Engaging Ideas - 11/17/2017

Curbing foreign influence in American politics by placing new rules for social media platforms. Exploring how a higher minimum wage may impact wealthy couples’ decisions to have more children. Experimenting with a new approach to philanthropy - asking the public what they want. Taking a look at high schools who have beat the odds and dramatically improved graduation rates and increased number of students going to college. Questioning whether some two-year colleges are softening standards to boost graduation rates. Looking at the disparities in health and costs across the country.


Election officials move closer to placing new rules on Facebook and Google (Washington Post)
The Federal Election Commission moved a step closer to placing tighter regulations on Internet ads published on major Web platforms, marking a significant shift for an agency beset by partisan dysfunction and another sign that regulators are seeking to thwart foreign meddling in U.S. elections.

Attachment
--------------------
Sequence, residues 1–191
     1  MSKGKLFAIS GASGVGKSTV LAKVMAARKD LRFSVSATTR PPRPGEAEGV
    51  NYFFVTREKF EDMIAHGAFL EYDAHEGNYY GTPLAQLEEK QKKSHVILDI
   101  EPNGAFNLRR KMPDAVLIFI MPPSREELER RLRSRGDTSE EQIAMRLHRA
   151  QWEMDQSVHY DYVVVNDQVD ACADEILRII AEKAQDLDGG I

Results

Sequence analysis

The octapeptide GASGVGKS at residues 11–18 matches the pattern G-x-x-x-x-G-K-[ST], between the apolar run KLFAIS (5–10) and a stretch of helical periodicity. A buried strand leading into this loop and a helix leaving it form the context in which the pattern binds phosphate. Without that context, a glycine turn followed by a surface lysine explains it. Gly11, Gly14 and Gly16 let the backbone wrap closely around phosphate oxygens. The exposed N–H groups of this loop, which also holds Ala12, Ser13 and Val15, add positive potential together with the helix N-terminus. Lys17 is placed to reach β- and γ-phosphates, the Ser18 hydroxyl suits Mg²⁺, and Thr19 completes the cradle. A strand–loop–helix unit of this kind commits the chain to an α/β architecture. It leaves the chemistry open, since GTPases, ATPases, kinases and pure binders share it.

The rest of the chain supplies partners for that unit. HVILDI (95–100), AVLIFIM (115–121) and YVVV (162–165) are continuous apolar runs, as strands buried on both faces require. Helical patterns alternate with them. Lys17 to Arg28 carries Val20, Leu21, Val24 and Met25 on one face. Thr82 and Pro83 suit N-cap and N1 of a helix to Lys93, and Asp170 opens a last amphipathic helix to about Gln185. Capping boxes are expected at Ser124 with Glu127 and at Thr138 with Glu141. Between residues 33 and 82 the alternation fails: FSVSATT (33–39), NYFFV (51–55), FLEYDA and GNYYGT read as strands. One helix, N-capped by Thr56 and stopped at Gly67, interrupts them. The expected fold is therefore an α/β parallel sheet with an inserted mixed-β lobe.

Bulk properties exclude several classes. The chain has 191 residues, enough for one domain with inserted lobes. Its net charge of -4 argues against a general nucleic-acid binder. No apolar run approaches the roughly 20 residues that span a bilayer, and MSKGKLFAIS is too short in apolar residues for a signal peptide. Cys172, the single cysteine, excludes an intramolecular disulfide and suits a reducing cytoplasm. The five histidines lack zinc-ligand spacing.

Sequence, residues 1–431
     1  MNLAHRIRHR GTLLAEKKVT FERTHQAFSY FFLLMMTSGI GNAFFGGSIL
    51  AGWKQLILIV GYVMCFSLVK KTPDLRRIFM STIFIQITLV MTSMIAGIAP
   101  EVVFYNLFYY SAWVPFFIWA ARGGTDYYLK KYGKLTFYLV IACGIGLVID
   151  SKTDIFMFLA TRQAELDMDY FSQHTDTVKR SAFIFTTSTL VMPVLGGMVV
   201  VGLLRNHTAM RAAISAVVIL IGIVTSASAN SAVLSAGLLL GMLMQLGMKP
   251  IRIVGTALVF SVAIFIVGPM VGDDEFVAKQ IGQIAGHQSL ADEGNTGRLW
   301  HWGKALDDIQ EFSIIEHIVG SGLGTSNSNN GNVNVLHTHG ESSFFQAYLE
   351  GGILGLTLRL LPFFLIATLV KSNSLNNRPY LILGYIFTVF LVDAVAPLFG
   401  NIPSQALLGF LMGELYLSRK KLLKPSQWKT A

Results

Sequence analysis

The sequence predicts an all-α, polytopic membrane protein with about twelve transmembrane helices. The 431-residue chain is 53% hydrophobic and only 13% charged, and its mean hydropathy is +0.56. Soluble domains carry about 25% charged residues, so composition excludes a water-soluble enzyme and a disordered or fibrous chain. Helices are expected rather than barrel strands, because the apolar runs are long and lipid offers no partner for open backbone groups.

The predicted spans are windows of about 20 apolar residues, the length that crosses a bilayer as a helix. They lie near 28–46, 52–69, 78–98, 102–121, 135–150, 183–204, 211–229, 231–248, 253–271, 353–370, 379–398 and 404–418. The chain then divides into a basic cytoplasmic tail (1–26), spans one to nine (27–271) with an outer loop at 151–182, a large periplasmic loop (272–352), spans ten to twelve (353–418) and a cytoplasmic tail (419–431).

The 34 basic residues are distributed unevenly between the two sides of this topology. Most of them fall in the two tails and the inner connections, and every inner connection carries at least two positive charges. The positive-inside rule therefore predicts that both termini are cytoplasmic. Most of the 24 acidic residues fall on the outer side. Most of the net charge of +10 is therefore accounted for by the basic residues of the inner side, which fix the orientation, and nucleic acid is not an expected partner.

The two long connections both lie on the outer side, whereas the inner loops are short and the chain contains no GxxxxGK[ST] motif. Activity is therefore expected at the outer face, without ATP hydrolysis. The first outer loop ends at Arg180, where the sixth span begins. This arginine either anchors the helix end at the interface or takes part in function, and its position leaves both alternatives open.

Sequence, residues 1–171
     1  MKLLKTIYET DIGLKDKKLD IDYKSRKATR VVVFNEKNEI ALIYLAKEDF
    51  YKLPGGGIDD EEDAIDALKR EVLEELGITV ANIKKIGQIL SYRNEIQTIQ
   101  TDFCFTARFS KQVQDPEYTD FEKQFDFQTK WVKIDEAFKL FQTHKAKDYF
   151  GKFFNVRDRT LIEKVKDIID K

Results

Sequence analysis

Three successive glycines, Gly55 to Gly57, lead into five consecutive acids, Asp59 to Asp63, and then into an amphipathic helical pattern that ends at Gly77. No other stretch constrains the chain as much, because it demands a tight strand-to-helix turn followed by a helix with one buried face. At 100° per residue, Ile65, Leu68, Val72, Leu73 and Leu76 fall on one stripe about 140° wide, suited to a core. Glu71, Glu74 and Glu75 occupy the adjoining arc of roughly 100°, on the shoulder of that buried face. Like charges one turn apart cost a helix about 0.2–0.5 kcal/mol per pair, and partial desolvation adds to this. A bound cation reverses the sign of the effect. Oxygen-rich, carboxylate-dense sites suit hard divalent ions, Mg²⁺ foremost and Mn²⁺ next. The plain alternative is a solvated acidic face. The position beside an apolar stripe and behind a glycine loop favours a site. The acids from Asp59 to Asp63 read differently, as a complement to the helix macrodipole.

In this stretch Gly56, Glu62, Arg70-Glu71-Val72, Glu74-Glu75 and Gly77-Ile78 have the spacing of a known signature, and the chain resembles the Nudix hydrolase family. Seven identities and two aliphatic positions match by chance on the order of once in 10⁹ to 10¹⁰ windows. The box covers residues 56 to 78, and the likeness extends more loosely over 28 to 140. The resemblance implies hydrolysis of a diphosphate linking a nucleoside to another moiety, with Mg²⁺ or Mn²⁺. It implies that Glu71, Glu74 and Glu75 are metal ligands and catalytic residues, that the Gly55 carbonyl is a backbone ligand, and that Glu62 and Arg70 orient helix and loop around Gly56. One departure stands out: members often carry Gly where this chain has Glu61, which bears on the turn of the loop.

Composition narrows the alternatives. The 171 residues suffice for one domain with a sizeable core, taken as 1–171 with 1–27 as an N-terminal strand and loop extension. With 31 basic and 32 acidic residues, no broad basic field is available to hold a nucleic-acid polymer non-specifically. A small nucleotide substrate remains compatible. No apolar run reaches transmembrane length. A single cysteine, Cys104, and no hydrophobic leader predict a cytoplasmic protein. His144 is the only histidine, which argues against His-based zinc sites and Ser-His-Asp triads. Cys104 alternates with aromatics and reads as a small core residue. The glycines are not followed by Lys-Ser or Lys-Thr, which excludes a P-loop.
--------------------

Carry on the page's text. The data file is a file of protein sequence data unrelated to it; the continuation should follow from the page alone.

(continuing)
How partisan primaries weaken the political center (Detroit Free Press)
We like to believe that partisan primaries are the the political equivalent of the playoffs that take place each fall in Major League Baseball's National and American leagues, yielding each league's strongest contender for the World Series. But that's not how the partisan primary system works.

In City Hall, Women Make History (CityLab)
More women are on track to be elected mayor in the top 100 cities than ever before—in some major cities, for the first time. But not before overcoming some major hurdles.


Some amazing findings on income mobility in the US including this: the image of a static 1 and 99 percent is false (AEI)